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Rosa Mystica - Choral Music for the Soul
Maria Magdalena Kammarkör/Mats Nilsson
rec. January/February 2015, Hölö parish church, Sweden. DDD
Texts & English translations included
FOOTPRINT RECORDS FRCD087 [61:12]

The booklet that comes with this CD contains all the texts and translations, clearly laid out. It also offers full information about the choir and its conductor. Sadly, there’s not a single word about the music and that’s very unfortunate, especially since several of the pieces and composers may be as new to other listeners as they were to me. That, however, is the last word of criticism you’re going to read in this review.

The Maria Magdalena Kammarkör is connected to the Stockholm church dedicated to Maria Magdalena. There they sing the services regularly in addition to their concert appearances. Mats Nilsson has been their conductor since 2009. The choir comprises 36 singers (10/9/8/9). I’ve encountered on disc quite a number of similarly sized choirs from Northern Europe and the standard of singing has been unfailingly high. So it is with this choir, too. The sound they make is consistently pleasing. The blend and balance are excellent, the tuning is flawless and the sound is fresh and bright. I thoroughly enjoyed – and admired - all the performances.

The programme is a mixture of sacred and secular a cappella music and, as you might infer from the title of the disc, the nature of the music is predominantly restful. The majority of the works were composed from the nineteenth century onwards but the performance of Purcell’s Remember not, Lord, our offences shows that this fine choir is just as adept in performing music from an earlier age.

A few of the pieces were well known to me. Stanford’s serene motet, Beati quorum via receives a beautifully calibrated performance, every line expertly weighted against the others. There’s a super blend in Eric Whitacre’s Lux aurumque while the choir is very succesful in conveying the increasing richness of the harmonic textures in Tavener’s Hymn for the Dormition of the Mother of God. The third and final iteration of the music in Tavener’s piece is especally satisfying; from the top to the bottom of the choir the harmonies are brilliantly balanced. The album takes its title from the Britten piece. This is a movement from A. M. D. G., which consists of seven settings of poems by Gerard Manley Hopkins. Though written in 1939 the work was suppressed by Britten and only achieved a premiere in 1984 and publication five years later. Perhaps that explains why it’s not better known, Rosa Mystica is the second movement of the complete work. It’s very skilfully written and this Swedish choir gives a most accomplished account of it.

Most of the remainder of the programe was new to me. I liked the mellifluous Hymne ā Saint Martin by the Lithuanian composer, Vaclovas Augustinas. This work, sung in Latin, opens the programme and in two respects sets the tone for much of what is to follow. Firstly, the music falls pleasingly on the ear and, secondly, the beautifully blended, very natural sound of the choir gives great pleasure. Gösta Nystroem’s Huru skön och huru ljuv (How beautiful you are) takes words from the Song of Songs and clothes them in harmonic language which is perhaps the most exploratory in the programme.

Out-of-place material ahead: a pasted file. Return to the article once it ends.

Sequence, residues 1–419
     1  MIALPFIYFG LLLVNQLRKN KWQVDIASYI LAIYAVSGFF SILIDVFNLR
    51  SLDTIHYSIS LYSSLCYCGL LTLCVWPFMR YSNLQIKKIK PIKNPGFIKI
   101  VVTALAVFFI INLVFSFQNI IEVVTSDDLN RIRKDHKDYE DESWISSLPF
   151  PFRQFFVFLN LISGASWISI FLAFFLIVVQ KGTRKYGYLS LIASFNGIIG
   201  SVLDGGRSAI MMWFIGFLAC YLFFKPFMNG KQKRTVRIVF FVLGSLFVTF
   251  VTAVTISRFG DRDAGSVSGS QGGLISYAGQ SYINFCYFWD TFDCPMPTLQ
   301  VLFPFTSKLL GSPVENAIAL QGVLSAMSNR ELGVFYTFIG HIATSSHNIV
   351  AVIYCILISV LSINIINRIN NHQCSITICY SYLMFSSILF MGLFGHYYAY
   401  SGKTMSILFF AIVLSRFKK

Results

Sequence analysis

I’ve previously heard and enjoyed orchestral music by Lars-Erik Larsson but had not heard any of his vocal music. The Agnus Dei from his Missa Brevis (1954), though short, made me want to hear the complete work.

Among the secular offerings I admired the setting of Shakespeare’s Come Away, Death by the Finnish composer, Jaakko Mäntyjärvi. I understand this is the second of his Four Shakespere Songs (1984) though this information is not included in the documentation. Natt över jorden (Night on our earth now has fallen) is by the Swedish composer, Karin Rehnqvist. I’ve established that this is the first of her two Songs from the Earth (1992/2008). It’s an effective mood piece and it’s very well done here.

Towards the end of the programme the choir sings two arrangements by their conductor of traditional songs. Kvällen stundar (Evening draws near) is a tranquil and beautiful evening song while Värmlandsvisan, which I think translates roughly as ’O lovely Värmland’, is most attractive. Both arrangements are excellent. The final piece, Vaggvisa (Lullaby) is by the Swedish composer, Lars Edlund. The melody is disarmnig and it’s most sensitively harmonised.

This very fine choir has been most sympathetically recorded. The church where the sessions were held seems to have a lovely acoustic and the engineers have used it skilfully to place just the right aura around the sound made by the singers. From first to last the singing is extremely fine and the music itself is lovely. I enjoyed this CD very much.

John Quinn

Contents
Vaclovas AUGUSTINAS (b. 1957)
Hymne ā Saint Martin [4:37]
Sven-David SANDSTRÖM (b. 1942)
Kom till mig [2:57]
Gösta NYSTROEUM (1890-1966)
Huru skön och huru ljuv [4:03]
Lars-Erik LARSSON (1908-1986)
Agnus Dei (from Missa brevis) [2:40]
Ola GJEILO (b. 1978)
Ubi caritas [3:14]
Josef Gabriel RHEINBERGER (1839-1901)
Kyrie (from Cantus missae) [3:59]
Thomas JENNEFELT (b. 1954)
Bön [3:52]
Sir Charles Villiers STANFORD (1852-1924)
Beati quorum via [3:35]
Benjamin BRITTEN (1913-1976)
Rosa Mystica (from A.M.D.G.)
[4:13]
Eric WHITACRE (b. 1970)
Lux aurumque [3:27
Henry PURCELL (1659-1695)
Remember not, Lord, our offences [3:10]
Sir John TAVENER (1944-2013)
Hymn for the Dormition of the Mother of God [3:44]
Jaakko MÄNTYJÄRVI (b. 1963)
Come Away, Death [2:42]
Hugo ALFVÉN (1872-1960)
Aftonen [3:47]
Karin REHNQVIST (b. 1957)
Natt över jorden [4:06]
Mats NILSSON (b. 1958)
(arr.) Kvällen stundar [2:33]
(arr) Värmlandsvisan [2:22]
Lars EDLUND (1922-2013)
Vaggvisa [2:09]

 

 




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